Like you I use to not have a choice and my only option was "Change the Channel" now I don't have to do this, because those artist I don't like and those songs I can't tolerate, I never have to hear again EVER. So, I don't want to have to change the channel. Which by the way you've basically stated as your solution about 4 or 5 times in this reply. LOL

    Yeah, I thought that too and in fact when I first got my G2 I told Taylor and MM I was probably going to return it. However, after I really started listening and having it go with me where I could hear it anywhere. I didn't have to worry about antennas or reception. Then started just while killing a little time messing with the station fine tuning. I knew within about 2 week there is no way I could settle for sat radio for music anymore. Yes, I said settle and for me today using sat radio for my music is settling for so, so much less. (I understand this is my opinion, but I feel strongly about it.)

    Now with all that said I am still a sat radio subscriber, but I rarely listen to the music anymore. Sure every now and I again I do, but mainly for me its sports, talk, news that I am enjoying sat radio for now. Basically they things I can't get on Slacker.

    I honestly don't see how satellite would be a better option for new music? I can't tell you how much music I've learned about on Slacker long before it was even playing on Sirius and often times hear music from artist that NEVER plays on Sirius. You take Patsy Cline (yes I love vintage country) I've heard songs of hers that I never new existed, I've got whole new view of her from Slacker that Sirius can't even come close to matching. I dont' think you realize just how limited sat radio really is and how much you are at the mercy of the limited programming that is being allowed.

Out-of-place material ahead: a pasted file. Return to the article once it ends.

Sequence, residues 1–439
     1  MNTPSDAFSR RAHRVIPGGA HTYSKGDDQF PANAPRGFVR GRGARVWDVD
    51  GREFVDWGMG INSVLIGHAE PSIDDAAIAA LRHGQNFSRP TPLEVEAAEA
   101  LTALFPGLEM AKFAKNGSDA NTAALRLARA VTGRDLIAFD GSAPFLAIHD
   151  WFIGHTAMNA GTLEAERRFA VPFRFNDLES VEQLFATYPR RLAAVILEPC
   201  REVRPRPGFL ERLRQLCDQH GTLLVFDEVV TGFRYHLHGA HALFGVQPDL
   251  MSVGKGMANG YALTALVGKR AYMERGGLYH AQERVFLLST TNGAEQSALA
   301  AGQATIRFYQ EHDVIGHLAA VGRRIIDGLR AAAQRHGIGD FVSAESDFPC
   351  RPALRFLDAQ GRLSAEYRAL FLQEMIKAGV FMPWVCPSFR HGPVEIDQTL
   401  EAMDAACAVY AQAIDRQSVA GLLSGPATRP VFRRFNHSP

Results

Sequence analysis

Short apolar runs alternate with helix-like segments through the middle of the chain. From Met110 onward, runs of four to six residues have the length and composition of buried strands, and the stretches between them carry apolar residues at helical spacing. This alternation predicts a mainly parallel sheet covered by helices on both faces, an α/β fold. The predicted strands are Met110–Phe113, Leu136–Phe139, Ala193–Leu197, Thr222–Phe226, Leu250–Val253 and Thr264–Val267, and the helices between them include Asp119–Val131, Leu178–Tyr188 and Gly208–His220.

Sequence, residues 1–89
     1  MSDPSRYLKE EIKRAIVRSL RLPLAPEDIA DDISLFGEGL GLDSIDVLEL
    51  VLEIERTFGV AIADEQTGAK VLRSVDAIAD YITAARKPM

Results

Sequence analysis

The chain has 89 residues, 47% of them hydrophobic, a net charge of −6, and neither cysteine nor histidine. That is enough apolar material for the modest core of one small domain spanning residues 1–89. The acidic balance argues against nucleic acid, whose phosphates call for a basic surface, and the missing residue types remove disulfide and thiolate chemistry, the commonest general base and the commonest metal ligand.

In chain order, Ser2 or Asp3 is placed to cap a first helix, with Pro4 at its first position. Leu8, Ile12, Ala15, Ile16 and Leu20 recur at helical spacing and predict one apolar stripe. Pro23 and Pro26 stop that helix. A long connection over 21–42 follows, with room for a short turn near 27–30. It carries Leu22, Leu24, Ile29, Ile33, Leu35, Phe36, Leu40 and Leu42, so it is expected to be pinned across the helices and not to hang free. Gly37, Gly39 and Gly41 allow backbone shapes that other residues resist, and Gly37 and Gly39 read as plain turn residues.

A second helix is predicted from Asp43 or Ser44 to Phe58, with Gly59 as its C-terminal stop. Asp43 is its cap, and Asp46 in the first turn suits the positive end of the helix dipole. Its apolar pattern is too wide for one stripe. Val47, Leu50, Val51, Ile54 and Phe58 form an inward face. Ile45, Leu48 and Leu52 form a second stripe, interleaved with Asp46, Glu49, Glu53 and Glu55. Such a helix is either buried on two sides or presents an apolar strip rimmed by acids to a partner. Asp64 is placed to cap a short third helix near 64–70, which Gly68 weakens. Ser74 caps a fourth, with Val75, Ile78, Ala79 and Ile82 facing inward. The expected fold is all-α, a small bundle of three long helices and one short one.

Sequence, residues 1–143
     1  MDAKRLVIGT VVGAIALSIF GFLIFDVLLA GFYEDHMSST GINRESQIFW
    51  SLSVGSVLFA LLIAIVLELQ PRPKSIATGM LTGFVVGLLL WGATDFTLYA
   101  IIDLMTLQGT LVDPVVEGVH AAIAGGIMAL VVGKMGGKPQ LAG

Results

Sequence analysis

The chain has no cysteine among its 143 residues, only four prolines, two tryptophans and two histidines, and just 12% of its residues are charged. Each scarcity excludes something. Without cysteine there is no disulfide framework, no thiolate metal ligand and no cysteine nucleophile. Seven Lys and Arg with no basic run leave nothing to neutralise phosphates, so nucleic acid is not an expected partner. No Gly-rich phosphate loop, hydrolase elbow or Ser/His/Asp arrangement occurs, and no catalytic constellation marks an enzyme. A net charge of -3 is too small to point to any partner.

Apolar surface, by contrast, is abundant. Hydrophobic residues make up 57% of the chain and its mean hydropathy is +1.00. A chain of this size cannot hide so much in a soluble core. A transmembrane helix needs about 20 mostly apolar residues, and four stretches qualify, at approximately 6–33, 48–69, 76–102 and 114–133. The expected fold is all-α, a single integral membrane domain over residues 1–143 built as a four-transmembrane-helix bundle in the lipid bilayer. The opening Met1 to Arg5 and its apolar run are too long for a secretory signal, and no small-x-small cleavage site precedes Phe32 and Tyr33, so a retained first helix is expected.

In regards to Spa, yes I love that channel, but I've created my own New Age channels, one lite for sleeping at night and another which has less spacey stuff and more drums beats and chants etc. It is really cool as hell. Spa is probably a shinning star on Sirius XM

    Nothing is perfect that goes without saying, but with sat radio you can't control anything about it period. Slacker and Pandora you absolutely can and both are available in cars on the iPhone and of course Slacker is available on Blackberry and their on G1/G2 portable and basically available for listening anywhere at anytime.

    Speaking of the economy, in my mind if I had to choose one service and music was my primary thing. I'd without a doubt have to give Slacker the nod. I haven't even talked about SQ either, which outshines sat radio too.
     
  9. DAB

    DAB Mod Emeritus

    Slackers model would not have this issue because it isn't streaming except in some cases, but via their own portables and even the Blackberry, you are downloading to the device, so the FCC would have no say over this content.